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Proposal: Green Score system for KSPCB/BBMP

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Scaling up infrastructure and managing expectations of the greens isn't an easy job. A protest worthy job here and a green initiative there, one would expect to see some balance, and even better a system to quantify such balance. What if a body (BBMP or KSPCB) was to keep track of "green score" lost or scored on every project running in the city? Sort of like the carbon credits system, but with some twists:

  • City could make a call to go negative on a project or two as long as the lost score would be made up via another real money project.
  • To provide flexibility, there would be a cap on how much negative can city's green score go.
  • And also think of a limit on how long can the City keep an active negative scores.
  • Last, of course - City has to be a reasonably defined local area - not too small, not too large.

So, when a project comes up for environmental approval, instead of an often mundane or subjective approvals from an assessment committee, the approving agency (KSPCB?) would ask for - "what's the score".

Total score from all projects would be tallied up every quarter. If you go negative beyond a number (say 500 points - assume 1 point = 1 tonne carbon), nothing can be approved till the score is pulled back down to zero.

KSPCB could be the state level record keeper. There could be a city level auditor as well (say BBMP for Bengaluru).

And we would need third party auditors as well - to check and verify the scores cited for each major project. Could be NGOs, or paid specialists.

Hope I conveyed the crux of the concept, I mean more details would need to be thought through. But there are some places where this concept has holes, like:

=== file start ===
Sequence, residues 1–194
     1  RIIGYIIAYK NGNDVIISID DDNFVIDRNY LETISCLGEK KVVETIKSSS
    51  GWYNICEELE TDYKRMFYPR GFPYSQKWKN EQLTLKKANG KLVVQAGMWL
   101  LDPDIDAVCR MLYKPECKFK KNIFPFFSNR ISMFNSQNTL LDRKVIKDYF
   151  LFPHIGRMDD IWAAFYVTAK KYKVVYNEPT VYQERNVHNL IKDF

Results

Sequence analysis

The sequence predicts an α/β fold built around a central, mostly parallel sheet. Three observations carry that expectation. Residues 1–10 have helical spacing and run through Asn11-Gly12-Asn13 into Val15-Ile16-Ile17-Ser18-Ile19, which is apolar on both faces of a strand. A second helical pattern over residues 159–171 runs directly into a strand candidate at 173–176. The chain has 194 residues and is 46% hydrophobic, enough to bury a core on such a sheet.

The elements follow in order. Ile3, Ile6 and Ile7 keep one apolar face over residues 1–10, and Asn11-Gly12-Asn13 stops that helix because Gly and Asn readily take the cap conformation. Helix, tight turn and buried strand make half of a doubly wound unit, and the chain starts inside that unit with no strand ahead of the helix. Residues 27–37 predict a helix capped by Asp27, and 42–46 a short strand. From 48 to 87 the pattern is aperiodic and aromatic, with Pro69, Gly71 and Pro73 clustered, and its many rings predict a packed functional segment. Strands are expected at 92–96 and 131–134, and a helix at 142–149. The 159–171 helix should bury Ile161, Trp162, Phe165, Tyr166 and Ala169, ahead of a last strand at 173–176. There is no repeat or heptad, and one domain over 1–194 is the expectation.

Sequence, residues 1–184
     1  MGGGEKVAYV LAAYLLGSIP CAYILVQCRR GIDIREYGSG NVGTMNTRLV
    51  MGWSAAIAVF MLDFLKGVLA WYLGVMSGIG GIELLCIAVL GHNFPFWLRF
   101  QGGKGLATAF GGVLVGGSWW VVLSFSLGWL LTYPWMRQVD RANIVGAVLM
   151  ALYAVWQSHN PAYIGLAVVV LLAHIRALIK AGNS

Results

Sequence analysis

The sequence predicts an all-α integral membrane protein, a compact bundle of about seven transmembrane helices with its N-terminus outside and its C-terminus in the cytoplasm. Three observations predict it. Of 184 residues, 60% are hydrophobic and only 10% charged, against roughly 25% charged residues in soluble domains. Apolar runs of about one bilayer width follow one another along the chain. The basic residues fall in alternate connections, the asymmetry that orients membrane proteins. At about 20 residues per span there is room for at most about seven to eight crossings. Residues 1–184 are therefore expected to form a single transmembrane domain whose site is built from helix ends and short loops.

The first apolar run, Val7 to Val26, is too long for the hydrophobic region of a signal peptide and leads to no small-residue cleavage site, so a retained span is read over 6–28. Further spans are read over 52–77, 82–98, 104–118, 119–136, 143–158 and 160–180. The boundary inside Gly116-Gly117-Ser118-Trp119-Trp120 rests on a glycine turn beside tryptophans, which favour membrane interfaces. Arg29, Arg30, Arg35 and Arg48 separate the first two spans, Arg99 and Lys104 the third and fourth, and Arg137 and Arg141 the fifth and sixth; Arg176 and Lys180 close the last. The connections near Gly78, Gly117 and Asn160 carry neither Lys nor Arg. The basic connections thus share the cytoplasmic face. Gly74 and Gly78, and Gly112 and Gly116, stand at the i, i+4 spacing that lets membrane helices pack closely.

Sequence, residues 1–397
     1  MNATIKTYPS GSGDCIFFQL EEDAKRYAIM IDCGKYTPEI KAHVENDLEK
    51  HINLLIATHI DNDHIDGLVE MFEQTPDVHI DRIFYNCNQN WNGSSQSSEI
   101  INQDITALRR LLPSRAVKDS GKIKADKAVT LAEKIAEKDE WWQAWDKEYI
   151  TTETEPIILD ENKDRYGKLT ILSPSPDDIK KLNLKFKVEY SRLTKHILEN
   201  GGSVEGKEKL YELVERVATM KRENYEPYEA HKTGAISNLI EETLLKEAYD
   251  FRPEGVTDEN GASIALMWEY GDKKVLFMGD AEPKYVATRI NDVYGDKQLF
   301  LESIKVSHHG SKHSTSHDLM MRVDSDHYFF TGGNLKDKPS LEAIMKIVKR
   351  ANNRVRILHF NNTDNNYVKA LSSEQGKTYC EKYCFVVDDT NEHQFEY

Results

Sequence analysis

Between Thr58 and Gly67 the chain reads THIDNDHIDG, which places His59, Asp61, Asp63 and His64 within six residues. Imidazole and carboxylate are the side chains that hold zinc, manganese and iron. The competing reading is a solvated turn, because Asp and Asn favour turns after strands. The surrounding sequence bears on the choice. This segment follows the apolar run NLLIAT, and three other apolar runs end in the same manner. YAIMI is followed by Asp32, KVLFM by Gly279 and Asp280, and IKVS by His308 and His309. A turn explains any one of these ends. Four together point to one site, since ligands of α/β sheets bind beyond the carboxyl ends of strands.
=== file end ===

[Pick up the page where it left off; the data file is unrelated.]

• What is the penalty for staying negative (non-compliant) for too long. No projects get approved - is that practical, or enough? Or could it be something like no property tax can be collected, or no grants from Center for the City!?
  • Who would develop and maintain the scoring system itself?

Sounds complicated, but such a thing may make things easier for government agencies to manage, quanity as well as communicate the balance they need to keep as our cities get re-built or developed.

Comments

silkboard's picture

The score at start?

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Another thing to agree on would be - start with score as zero, or calculate the score for active projects in the city? Active project = money sanctioned but completion pending.

Even though everyone seems to have turned into carbon management experts these days, NGOs may not have the expertis. We could start with IISc or IIM-B helping with the scoring table and system.

hmajay's picture

May be there should be

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73 users have liked.

May be there should be reality show on the infrastructure projects by BBMP :-).

The score system sounds like a good idea.

Ajay

idontspam's picture

Urban EcoMap from Cisco

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 Here is the fact sheet and website

silkboard's picture

How do KSPCB etc clear projects?

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Was wondering if they have an objective score based system for clearing projects, or do they make subjective calls and assessments when approving projects.

Is KSPCB - (Karnataka state pollution control board) - the sole body that clears project from environment angle? Or is there a separate state environmental agency as well? When does central government (state of forests and environment) get involved - every project, or only larger than some size?

Wonder if anyone here can do some education for us.

silkboard's picture

green socre system - time for BBMP to have one

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The ongoing tussle over Sankey Tank Road Widenining, 100+ more roads on BBMP's 'i will widen them' (read as 'I will cut more trees') list, there is a need for a green score like system.

I read in newspapers today, where the deputy commsr was quoted as saying that BBMP will plant trees in the median once the Sankey Road is widened.

BBMP claims they are planting trees elsewhere.

Why not actionize this cutting planting busines via a green score system. It will give BBMP and the Greens an easy way to keep scores, as well provide some flexibility. The risk of course is that BBMP will misuse the system, claim non-existant new trees elsewhere (to get green scores), and use the score to cut real trees to widen roads.

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